McBride said he works a lot of cases with crimes against adults and children and frequently is involved in talking with advocates from Healthy Families for information.

“Any officer that works a case with domestic violence or sexual abuse, we do try to refer everyone to Healthy Families,” McBride said.

When law enforcement does respond to a report of verbal or physical domestic violence, Crain said the police department provides a resource document to victims so they are able to reach out to the appropriate agency for help or assistance. It also informs victims of their legal rights.

Funding squeeze

Korby said Healthy Families receives funding from a wide variety of community supporters but has received a significant amount of support from the City of Sequim.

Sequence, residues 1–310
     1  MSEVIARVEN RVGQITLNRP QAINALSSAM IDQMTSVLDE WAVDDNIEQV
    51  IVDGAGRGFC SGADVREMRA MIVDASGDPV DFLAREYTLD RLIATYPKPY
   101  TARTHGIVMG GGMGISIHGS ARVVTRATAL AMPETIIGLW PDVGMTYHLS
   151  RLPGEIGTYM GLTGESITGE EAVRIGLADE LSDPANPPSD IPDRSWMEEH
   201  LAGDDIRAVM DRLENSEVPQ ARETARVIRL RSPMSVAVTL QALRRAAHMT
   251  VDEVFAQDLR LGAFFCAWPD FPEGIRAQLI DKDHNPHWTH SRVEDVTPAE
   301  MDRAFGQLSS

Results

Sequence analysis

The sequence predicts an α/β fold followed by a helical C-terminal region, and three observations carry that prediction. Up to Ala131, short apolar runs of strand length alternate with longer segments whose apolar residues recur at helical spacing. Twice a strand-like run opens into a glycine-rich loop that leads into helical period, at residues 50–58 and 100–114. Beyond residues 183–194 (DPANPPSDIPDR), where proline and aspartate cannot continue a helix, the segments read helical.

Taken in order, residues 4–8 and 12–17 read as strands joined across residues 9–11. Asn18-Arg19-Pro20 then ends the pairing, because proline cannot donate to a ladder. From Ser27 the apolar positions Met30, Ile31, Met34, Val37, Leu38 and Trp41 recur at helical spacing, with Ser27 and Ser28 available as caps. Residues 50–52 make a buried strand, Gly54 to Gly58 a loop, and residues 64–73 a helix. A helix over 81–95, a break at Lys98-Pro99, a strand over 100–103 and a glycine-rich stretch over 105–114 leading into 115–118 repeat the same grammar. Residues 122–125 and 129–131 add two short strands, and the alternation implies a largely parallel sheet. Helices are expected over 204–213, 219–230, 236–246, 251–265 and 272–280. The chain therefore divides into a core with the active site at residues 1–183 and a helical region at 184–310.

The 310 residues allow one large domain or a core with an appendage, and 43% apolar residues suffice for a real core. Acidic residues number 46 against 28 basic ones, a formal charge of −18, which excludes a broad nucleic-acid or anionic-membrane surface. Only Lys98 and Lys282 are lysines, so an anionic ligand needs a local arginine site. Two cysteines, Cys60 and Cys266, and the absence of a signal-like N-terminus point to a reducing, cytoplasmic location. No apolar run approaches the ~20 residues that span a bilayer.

“The dedication of the Sequim City Council to have this support is very important,” she said. “These community members are extremely generous.”

Korby explained the City of Port Angeles has decreased its funding to Healthy Families each year and in a couple of years it will no longer provide funding. She said the City of Sequim provides $11,250 per year to Healthy Families in order to serve Sequim residents that are in need of services.

Some of this funding covers informational and referral services, such as getting victims in touch with an attorney or the right representatives, while other funding provided by the City of Sequim covers prevention education in Sequim schools and a 24/7 crisis line.

“This is not a handout,” Korby stated. “We want to be effective for families and individuals to affect their own change.”

For victims of domestic violence, sexual assault or abuse, Healthy Families of Clallam County 24/7 crisis line is 360-452-4357. The office is open 9 a.m.-4 p.m. Monday-Friday, at 1210 E. Front St., Ste. C, Port Angeles.

Reach Erin Hawkins at ehawkins@sequimgazette.com.